How MUCH Time Does A Florida First Responder NEED to Miss to Be Disabled For Presumption Purposes?
Just because you are covered by the Florida Heart and Lung Act, does not mean you get benefits. You have to be disabled! OK, but HOW long do you have to be out to meet the disability standard?
In an awful decision in Bivens v. City of Lakeland, 33 Fla.L. Weekly D2342b (October 2, 2008), the First District noted that “disability occurs only when the employee becomes actually incapacitated, partially or totally, from performing his employment.” A finding of “disability hinges solely on the employee’s ability to earn incomes, not upon other factors such as whether the employee has experienced a wage loss.
Bivens testified his micro-vascular angina did not effect his ability to perform his duties as a firefighter and he could also do the physical requirements of his job. He did miss time for testing, doctor’s appointments and missed six days after a heart catheterization. The court ruled that missing time for testing was not disability. . . “the detection of an occupational disease does not necessarily coincide with the date of disablement from the disease. The court noted that “if testing or treatment, standing alone, equaled ‘disability,’ everyone would be disabled upon their first visit to a doctor’s office”.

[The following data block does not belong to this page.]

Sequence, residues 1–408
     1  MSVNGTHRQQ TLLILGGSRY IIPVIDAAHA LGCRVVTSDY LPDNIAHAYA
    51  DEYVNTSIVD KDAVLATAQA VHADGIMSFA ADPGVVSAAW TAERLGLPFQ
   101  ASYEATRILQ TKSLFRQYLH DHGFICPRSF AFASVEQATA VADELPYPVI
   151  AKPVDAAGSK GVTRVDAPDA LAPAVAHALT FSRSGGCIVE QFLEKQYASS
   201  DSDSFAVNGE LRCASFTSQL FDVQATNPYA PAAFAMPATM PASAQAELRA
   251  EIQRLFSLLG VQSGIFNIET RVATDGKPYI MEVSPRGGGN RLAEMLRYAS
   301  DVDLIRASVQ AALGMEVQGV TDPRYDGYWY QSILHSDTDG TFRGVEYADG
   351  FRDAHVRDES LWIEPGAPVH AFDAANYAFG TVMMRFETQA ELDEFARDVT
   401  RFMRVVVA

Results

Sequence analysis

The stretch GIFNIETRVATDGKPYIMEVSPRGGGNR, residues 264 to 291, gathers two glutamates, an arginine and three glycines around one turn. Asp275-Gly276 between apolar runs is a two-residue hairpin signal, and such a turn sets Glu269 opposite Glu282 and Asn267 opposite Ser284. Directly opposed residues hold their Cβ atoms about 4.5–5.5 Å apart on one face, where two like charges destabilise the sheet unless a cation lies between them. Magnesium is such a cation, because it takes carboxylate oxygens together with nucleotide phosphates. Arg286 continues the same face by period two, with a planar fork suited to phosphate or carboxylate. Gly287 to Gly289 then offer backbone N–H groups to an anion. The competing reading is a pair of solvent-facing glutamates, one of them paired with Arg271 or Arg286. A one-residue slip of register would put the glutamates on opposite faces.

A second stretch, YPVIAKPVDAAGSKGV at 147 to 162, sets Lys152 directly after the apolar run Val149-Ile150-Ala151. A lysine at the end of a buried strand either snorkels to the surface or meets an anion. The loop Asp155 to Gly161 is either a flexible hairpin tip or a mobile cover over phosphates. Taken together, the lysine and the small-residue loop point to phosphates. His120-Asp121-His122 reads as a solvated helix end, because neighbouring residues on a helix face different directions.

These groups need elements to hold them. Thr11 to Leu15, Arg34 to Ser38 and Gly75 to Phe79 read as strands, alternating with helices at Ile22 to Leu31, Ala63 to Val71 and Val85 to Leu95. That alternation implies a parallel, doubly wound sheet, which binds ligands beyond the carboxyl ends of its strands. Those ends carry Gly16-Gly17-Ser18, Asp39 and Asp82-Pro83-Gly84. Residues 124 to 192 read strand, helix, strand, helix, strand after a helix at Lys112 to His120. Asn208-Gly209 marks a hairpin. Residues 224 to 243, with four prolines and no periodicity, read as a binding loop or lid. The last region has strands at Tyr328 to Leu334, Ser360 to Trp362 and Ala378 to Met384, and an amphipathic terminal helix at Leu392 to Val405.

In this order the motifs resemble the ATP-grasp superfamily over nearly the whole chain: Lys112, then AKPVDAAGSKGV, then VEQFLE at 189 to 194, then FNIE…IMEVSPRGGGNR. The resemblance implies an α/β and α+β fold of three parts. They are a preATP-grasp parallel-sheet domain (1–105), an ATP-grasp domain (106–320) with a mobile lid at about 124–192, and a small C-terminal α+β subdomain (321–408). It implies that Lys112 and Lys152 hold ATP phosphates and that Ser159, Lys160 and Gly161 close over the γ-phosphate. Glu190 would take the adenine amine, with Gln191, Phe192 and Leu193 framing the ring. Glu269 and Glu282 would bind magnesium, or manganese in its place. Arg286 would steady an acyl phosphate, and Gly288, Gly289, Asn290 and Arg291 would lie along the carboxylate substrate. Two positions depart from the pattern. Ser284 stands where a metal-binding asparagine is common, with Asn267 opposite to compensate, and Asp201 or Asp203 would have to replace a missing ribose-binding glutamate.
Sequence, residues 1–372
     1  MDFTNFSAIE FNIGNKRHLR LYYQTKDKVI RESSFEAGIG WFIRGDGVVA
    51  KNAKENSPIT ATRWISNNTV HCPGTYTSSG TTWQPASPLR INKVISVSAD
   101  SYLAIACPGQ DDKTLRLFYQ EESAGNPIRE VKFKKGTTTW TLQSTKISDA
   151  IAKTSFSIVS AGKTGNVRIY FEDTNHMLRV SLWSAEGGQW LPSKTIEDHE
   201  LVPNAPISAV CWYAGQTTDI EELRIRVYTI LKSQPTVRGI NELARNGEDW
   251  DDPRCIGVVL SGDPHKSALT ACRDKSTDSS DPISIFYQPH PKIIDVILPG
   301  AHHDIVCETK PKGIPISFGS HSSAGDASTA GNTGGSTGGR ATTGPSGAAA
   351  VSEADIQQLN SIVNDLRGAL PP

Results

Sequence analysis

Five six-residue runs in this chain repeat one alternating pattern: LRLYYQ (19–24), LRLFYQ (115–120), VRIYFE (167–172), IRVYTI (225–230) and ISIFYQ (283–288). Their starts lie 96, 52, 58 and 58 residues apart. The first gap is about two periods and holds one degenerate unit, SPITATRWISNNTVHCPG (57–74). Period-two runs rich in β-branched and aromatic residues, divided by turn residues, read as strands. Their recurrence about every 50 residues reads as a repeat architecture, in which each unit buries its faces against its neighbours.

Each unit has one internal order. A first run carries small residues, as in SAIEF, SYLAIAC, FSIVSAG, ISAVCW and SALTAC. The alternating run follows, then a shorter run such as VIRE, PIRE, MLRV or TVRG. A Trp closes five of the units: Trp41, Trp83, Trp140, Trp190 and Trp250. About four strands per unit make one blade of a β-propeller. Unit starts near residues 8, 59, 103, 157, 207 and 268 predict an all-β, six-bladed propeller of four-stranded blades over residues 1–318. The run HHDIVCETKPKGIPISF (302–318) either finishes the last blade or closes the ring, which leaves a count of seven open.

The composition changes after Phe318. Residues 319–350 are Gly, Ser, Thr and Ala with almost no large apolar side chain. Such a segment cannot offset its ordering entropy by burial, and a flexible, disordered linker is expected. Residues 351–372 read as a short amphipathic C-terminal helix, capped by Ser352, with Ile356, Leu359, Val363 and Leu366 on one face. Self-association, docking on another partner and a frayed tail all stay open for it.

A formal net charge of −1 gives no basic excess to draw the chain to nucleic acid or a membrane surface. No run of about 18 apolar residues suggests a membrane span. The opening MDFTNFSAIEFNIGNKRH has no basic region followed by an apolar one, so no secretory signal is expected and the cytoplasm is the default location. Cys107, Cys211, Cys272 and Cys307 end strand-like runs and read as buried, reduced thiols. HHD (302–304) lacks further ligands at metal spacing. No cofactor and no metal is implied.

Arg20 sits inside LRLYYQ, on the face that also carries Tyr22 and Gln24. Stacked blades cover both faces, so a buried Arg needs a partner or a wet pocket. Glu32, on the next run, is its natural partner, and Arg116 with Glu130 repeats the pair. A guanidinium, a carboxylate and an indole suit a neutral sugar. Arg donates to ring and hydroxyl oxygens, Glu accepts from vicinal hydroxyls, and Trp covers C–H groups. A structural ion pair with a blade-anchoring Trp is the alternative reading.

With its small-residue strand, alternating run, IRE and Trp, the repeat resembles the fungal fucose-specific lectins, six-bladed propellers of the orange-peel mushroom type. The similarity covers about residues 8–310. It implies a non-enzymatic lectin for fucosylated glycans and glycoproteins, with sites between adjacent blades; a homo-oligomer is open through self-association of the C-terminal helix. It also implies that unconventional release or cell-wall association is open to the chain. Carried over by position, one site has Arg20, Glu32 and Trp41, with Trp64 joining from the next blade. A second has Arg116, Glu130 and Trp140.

So, make sure your doctor opinions that while you are having testing or treatment, that you are incapable of performing your duties as a result of your condition and that you don’t perform those duties.
Call an experienced Florida First Responder workers’ compensation attorney like Nancy Cavey if you have any questions about disability for Heart and Lung Claims.